Athletes and Drug Abuse

Published on 1/31/11
Categorized in General Addiction
Athletes and Drug Abuse

The recent landscape of professional sports has been shaped by drug abuse. Athletes have long looked for an edge to get ahead and a seemingly never ending pursuit to get bigger, stronger, and faster. Drugs can give athletes an unfair and unnatural advantage which damages the spirit of athletics. In the end however, it is the drug-abusing athlete that suffers most.

Steroids

Steroids, more specifically anabolic steroids are just one of the many drugs abused by professional athletes. Anabolic steroids are a synthesized substance that mimics the hormone testosterone. When injected in the body, the steroids increase protein synthesis which leads to a buildup of body tissue, namely muscle. Though anabolic steroids were first produced in the 1930s they did not become popular among athletes until the 1980s and 1990s.

Professional Sports

While anabolic steroids have been used in most major sports, the heavy abuse is mainly associated with professional baseball, professional football, and track and field. In the 1988 Summer Olympics, Canadian sprinter Ben Johnson broke the world record in the 100 meter dash. After being drug tested, he tested positive for steroids and was stripped of his gold medal. Since then, track athletes in every summer Olympics have been testing positive.

Professional baseball players are notorious for steroid abuse. Among the stars that are confirmed or alleged to have taken steroids are Barry Bonds, Jose Canseco, Roger Clemens, Manny Ramirez, and Alex Rodriguez. While it was widely assumed that there was a steroid problem in baseball, the MLB did not have stringent rules against drug use until after 2000.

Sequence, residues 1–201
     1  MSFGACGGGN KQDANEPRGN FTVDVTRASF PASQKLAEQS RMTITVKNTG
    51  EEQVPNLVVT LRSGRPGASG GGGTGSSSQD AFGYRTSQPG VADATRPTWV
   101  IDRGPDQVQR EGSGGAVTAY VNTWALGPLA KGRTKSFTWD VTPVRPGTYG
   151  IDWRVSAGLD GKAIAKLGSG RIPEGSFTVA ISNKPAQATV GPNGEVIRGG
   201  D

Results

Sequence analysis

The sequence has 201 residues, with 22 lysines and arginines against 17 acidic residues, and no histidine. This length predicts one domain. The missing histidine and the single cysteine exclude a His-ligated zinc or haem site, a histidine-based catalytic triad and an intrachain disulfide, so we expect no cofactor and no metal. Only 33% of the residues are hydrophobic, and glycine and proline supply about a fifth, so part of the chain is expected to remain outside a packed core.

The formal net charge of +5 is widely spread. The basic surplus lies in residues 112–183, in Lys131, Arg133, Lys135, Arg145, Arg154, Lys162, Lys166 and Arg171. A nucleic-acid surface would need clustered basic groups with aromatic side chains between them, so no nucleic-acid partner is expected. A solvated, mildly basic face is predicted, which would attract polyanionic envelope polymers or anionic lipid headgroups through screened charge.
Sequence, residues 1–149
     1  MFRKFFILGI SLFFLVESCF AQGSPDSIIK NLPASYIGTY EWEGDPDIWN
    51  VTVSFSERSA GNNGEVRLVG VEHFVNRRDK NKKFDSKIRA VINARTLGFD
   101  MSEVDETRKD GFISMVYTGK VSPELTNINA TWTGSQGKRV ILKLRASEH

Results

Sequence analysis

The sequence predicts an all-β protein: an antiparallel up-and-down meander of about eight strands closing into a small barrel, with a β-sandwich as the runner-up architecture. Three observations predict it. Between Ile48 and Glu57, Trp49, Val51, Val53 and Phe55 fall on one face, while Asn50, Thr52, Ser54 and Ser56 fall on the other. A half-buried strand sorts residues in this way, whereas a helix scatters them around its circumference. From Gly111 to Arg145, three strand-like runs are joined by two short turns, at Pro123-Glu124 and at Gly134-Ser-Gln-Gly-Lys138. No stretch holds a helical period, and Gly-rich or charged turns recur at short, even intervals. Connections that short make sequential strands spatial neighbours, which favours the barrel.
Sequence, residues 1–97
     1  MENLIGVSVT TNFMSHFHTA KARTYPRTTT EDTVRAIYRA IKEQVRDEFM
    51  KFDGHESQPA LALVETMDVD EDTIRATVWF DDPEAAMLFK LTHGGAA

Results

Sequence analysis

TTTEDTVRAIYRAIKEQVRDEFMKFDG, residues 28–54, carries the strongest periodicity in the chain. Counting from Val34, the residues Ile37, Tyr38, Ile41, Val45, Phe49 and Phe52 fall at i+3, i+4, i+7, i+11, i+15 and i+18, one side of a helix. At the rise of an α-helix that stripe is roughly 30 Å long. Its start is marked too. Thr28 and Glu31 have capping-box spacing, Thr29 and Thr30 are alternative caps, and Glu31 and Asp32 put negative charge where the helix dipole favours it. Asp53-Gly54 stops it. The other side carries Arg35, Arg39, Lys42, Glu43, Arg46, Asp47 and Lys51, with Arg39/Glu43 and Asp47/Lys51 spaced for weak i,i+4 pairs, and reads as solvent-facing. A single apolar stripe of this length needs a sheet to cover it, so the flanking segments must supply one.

In addition to all of the physical side effects, there are a myriad of psychiatric issues that have been attributed to steroid use as well.

Health Effects of Steroids

While some athletes take anabolic steroids to gain a physical edge over their competitors, they faced serious side effects. Steroids have shown to increase cholesterol, raise blood pressure, and cause liver damage with prolonged use. The physical structure of the heart can also be altered by a thickening of the left ventricle, which can lead to hypertension and congestive heart failure. For men specifically, steroid use can cause breast growth, decrease sexual function, and temporarily shrink testicles due to a lack of sperm production. For teenagers who are still growing, steroids can cause stunted skeletal growth. In addition to all of the physical side effects, there are a myriad of psychiatric issues that have been attributed to steroid use as well.

Other Drugs

Anabolic steroids are not the only performance enhancers professional athletes have been using. Human Growth Hormone (HGH) has gained increasing popularity among athletes due to the difficulty of detecting the drug. Human Growth Hormone has many practical medical uses, but athletes have used it as a means to get stronger and rebound quickly from workouts and injuries. Athletes have also used a variety of amphetamines and other stimulants to give themselves the energy to compete.

Aside from performance enhancing drug abuse, many athletes have achieved notoriety due to their recreational drug abuse. Cocaine and marijuana have commonly been used among professional athletes. Josh Hamilton of the Texas Rangers was banned from baseball for a time due to his addiction to heroin and methamphetamines. After he completed a treatment program, he was able to overcome his addiction and is now playing professionally again. His comeback is noted as an example of the success of substance abuse treatment programs.

The Challenge

While not all professional athletes partake in dangerous drug abuse, a small portion of them do which has cast a negative light on many sports and professional athletes. The coaches, teams, and leagues are now challenged with drug testing athletes to ensure the purity and fairness of all sports.

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All Treatment does not provide medical advice, diagnosis or treatment. See additional information.

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